“No aspects” of the care received by three cancer patients from a senior doctor contributed to their premature deaths, an expert has said.
Dr Paul Miller is facing scrutiny at the inquests of 10 of his former cancer patients who died between 2006 and 2015.
They were treated by Dr Miller, a former consultant urologist at East Surrey Hospital in Redhill.
Dr Miller is due to answer questions at Crawley Coroner’s Court on Wednesday.
Inquests into the deaths of the 10 former patients are being heard together at Centenary House.
They are: Keith Reynolds, 68; Leslie Owers, 75; Lilian Cole, 82; Martin Turner, 86; Renfried Avery, 80; Frederick Le Vallois, 71; Ian Spurgeon, 85; Alan Burgess, 72; Graham Stoten, 57; and Jose Cressy, 76.
Senior coroner Penelope Schofield has taken over the running of the inquests, originally heard before Dr Karen Henderson in October 2018.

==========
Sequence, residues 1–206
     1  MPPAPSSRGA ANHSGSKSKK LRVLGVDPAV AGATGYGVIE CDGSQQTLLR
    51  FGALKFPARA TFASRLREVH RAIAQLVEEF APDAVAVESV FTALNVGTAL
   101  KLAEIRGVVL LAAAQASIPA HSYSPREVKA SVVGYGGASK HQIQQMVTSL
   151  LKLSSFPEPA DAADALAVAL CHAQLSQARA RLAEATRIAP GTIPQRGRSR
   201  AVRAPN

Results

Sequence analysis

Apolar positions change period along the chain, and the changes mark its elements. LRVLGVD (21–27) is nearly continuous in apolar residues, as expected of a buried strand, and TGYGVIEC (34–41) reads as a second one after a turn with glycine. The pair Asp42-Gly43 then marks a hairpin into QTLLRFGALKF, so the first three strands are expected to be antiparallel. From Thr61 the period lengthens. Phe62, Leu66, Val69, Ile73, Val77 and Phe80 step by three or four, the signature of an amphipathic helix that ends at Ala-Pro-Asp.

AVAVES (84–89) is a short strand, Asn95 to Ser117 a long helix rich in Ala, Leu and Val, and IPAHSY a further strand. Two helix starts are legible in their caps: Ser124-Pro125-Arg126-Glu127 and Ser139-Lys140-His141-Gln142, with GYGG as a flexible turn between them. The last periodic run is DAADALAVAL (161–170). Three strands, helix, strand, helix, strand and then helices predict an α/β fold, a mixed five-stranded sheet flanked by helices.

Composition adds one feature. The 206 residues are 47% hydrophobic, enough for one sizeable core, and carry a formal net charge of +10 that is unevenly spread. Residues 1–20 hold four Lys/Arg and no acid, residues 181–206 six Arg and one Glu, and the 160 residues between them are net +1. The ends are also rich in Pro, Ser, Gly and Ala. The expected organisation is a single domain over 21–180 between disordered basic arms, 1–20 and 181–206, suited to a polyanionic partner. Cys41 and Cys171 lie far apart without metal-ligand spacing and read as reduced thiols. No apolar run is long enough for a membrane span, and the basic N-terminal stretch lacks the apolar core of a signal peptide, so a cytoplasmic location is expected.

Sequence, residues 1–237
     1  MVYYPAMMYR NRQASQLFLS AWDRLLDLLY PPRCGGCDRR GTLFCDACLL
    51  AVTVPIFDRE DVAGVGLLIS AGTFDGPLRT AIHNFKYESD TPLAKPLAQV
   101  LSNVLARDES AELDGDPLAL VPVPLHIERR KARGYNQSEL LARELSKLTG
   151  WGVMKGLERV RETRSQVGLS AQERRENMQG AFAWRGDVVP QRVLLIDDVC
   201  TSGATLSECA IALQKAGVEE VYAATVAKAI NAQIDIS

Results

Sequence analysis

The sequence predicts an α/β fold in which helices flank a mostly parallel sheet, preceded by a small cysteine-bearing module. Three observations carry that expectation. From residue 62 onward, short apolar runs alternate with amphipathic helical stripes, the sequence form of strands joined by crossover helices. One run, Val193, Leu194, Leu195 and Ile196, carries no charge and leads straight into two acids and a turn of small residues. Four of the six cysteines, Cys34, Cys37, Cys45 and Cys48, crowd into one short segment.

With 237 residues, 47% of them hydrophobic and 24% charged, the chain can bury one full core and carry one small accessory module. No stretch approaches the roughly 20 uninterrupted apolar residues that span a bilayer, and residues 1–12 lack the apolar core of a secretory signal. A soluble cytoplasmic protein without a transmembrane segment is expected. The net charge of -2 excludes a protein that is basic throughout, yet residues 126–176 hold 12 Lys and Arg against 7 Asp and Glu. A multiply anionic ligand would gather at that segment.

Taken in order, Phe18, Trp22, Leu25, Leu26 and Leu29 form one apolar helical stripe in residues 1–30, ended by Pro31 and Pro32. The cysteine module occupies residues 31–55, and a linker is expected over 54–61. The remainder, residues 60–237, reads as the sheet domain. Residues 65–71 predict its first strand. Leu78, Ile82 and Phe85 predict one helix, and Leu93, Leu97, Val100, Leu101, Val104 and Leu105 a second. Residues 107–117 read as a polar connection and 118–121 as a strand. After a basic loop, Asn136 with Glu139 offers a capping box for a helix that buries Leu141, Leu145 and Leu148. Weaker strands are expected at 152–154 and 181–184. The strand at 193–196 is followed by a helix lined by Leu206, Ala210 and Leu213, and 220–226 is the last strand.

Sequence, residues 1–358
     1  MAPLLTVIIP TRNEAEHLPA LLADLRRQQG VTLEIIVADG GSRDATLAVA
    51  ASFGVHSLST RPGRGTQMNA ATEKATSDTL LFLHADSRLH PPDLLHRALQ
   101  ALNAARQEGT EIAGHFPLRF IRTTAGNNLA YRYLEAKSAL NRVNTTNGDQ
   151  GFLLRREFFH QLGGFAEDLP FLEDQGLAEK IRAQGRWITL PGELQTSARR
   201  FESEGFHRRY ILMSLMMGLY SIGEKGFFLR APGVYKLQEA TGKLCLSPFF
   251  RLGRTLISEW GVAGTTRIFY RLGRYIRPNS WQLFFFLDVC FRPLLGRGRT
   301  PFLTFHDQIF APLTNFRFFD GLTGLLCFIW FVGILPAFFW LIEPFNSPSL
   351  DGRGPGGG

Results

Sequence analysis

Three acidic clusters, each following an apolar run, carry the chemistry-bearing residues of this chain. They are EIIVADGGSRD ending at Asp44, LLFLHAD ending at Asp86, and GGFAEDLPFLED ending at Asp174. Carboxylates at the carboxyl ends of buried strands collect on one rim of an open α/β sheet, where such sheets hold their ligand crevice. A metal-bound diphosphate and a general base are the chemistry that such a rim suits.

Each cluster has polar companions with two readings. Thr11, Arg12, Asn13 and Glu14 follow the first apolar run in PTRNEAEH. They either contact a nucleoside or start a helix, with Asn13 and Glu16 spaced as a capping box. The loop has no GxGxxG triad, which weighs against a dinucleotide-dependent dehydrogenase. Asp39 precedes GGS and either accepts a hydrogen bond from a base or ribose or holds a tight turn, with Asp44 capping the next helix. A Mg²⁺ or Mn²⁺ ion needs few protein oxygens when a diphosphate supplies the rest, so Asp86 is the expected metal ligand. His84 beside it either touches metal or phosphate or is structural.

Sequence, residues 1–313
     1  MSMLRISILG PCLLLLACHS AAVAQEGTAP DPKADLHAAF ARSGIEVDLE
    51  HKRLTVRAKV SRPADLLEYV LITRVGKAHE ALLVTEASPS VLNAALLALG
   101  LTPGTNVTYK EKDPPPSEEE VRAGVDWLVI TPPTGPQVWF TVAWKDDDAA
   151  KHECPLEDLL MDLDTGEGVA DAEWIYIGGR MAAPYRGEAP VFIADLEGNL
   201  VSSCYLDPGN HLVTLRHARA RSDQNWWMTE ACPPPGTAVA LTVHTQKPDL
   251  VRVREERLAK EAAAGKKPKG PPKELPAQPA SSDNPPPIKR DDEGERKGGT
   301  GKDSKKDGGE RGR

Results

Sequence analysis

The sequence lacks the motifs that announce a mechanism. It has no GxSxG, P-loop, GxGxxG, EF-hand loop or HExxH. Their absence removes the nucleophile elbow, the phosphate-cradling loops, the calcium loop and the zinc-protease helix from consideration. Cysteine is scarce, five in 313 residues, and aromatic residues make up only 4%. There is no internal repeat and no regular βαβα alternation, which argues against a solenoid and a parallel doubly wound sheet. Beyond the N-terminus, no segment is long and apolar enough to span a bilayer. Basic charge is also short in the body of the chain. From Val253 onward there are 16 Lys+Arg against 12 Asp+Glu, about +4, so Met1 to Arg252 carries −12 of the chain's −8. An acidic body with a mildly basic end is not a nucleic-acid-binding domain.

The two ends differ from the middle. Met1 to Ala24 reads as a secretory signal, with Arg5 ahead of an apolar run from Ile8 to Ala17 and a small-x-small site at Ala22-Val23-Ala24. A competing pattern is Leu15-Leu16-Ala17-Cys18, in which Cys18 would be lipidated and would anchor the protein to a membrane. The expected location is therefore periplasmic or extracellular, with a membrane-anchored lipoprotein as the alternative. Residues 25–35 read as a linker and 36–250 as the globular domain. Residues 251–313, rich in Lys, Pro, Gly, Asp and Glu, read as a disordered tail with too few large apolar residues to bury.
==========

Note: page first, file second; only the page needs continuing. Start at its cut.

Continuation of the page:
In a statement relating to treatment of Mr Burgess, Dr Miller, who lives in the US, described how his cancer had become resistant to chemotherapy.
‘No unnecessary delays’
It stated: “I am not aware of any unnecessary delays in the treatment of Mr Burgess.
“No concern was raised at the time by team members concerning his management.”
Dr Simon Russell, a consultant oncologist at Cambridge University Hospitals, was called as an expert witness by the coroner.
He said in a statement: “There are no aspects of the clinical care that contributed to the premature death.”
Likewise with the treatment of Ms Cole and Ms Cressy – both for bladder cancer – Dr Russell said the clinical care they received did not contribute to premature death.
An emailed statement from Grace Owers, wife of Leslie Owers, was read out at the inquest on Monday.
In it, she addressed her fears of “delays in diagnoses and appropriate treatment and the lack of investigation when presenting with severe symptoms”.
She added: “The notes show these failings and we have nothing further to add.”
The inquests continue.